Published on GlobalNews.ca on November 6th, 2013
Randy Hillier wants to make all politicians in Ontario more accountable.
The Progressive Conservative MPP for Lanark-Frontenac-Lennox and Addington tabled a private member’s bill on Oct. 30 that would allow voters in Ontario to recall and replace their MPPs.
“I have always thought that when people aren’t performing their jobs or not performing as expected there should be a way to replace them, ” Hillier told Global News.
Hillier said provincial elections, held approximately every four years, do not provide the practical mechanism to hold politicians accountable for their actions.
Under Hillier’s proposed legislation, voters could recall their MPP if signatures from 25 per cent of people who voted in their riding in the previous election are collected within a 60-day period.
Hillier says the legislation, tailored differently, could work at the municipal level if a councillor or mayor fails to perform their duties.
“If you know there aren’t any immediate consequences to your actions some people might take extra liberties with their position,” said Hillier. “I think recall at the municipal level has just as much merit, perhaps more.”
A day after Mayor Rob Ford’s stunning admission to having smoked crack-cocaine, city councillors have faced the reality that there are few mechanisms for removing a sitting mayor.
Premier Kathleen Wynne has said the province will not intervene in the situation and Minister of Municipal Affairs Linda Jeffrey has said that under the Municipal Act there’s very little that can be done unless a mayor is convicted of a crime and goes to jail.
In Canada, recall legislation only exists in British Columbia, where former Premier Gordon Campbell became the target of a recall over the introduction of the harmonized sales tax.
Campbell resigned before he finished his third term as premier.
Peter Graefe, a political science professor at McMaster University in Hamilton, said recall legislation at the municipal level makes sense.
“In a sense when the voter has to vote municipally they are voting for an individual, they aren’t voting for someone who is a party member. They are voting for someone to represent first and foremost their ward,” said Graefe. “Unless we are really following closely we don’t really know what candidate x voted for. At a provincial and federal level we tend to vote based on a party basis. We can vote based on the sense of how the party is or isn’t doing.”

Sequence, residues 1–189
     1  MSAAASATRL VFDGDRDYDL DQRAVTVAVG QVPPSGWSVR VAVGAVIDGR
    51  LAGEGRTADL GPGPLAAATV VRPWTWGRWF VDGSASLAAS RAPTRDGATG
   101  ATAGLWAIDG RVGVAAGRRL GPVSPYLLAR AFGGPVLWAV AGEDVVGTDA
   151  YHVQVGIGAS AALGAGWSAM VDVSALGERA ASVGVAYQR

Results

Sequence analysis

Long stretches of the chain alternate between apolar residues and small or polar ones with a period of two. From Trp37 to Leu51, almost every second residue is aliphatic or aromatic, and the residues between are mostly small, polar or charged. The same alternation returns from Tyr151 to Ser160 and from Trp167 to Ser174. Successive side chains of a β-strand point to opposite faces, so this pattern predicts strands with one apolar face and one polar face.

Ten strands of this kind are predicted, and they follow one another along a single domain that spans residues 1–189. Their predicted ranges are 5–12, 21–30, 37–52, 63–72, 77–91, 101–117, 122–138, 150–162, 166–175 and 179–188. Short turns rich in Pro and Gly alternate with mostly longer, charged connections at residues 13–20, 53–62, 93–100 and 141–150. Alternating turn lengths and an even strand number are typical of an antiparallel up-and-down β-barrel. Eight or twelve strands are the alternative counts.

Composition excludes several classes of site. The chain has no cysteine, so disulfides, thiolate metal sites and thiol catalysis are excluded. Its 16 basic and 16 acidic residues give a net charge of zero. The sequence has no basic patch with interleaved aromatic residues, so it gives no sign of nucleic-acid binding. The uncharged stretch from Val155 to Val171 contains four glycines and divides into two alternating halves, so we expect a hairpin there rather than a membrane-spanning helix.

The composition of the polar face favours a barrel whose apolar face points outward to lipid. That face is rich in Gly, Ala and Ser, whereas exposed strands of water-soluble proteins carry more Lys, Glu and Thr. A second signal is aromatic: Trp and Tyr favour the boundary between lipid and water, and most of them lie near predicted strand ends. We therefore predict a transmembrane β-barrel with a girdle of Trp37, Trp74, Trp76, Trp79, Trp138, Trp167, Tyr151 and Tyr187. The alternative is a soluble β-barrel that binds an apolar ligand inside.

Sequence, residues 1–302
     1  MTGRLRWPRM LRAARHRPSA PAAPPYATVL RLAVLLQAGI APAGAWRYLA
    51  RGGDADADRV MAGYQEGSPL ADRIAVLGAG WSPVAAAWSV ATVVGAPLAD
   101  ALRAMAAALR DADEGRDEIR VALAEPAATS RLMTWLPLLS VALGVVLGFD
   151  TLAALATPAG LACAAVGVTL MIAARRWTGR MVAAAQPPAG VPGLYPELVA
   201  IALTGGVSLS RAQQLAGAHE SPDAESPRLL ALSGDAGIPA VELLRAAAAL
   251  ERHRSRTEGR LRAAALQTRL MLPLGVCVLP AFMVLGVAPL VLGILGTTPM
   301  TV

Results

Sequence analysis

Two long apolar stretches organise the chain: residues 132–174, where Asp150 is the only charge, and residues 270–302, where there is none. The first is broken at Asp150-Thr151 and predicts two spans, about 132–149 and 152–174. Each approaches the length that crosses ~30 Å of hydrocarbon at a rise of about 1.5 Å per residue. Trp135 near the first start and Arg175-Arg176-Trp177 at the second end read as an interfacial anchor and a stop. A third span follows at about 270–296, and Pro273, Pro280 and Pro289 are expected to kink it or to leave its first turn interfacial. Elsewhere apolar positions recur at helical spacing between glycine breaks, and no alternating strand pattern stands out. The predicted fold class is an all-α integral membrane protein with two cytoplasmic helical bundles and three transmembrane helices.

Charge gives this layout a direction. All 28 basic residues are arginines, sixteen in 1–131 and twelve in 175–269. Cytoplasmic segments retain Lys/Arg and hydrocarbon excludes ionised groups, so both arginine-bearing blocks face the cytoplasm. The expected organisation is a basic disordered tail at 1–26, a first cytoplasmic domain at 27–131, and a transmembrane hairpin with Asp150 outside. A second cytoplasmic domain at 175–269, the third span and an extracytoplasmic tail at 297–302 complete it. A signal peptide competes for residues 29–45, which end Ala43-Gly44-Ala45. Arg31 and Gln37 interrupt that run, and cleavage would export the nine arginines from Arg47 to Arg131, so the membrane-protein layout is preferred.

South of the border recall laws exist in over half of the states. In 2003 Arnold Schwarzenegger won the historic California recall election toppling Democrat Gray Davis just 11 months after Davis was elected.
In 2012 Wisconsin Governor Scott Walker faced the prospect of getting tossed from office over a controversial move to strip collective bargaining rights from public service unions.
Walker won the recall election with 53 per cent of the vote.
In September 2013, two state senators from Colorado were forced from office following a recall election related to their stance on stricter gun laws.
Graefe said recall legislation can help provide “real accountability at a local level of politics,” as it forces politicians to respond to local issues.
One of the drawbacks to recall legislation is that it can be a time consuming task requiring significant resources, said Andrew Sancton, a political science professor at the University of Western Ontario.
“Having a recall referendum in Toronto would be a very big undertaking. If the concern is about mayors who are in the difficulty that Rob Ford is in there could be other sorts of mechanisms that could be made available,” said Sancton. He adds intervention by the premier would be the simplest answer in the case of mayors who abuse their power.
Sancton said the drawback of recall legislation is it’s often favoured by special interest groups that have the resources to petition for a recall vote.
Hillier’s private member’s bill has been introduced in the Ontario legislature but is not scheduled to be debated until next spring.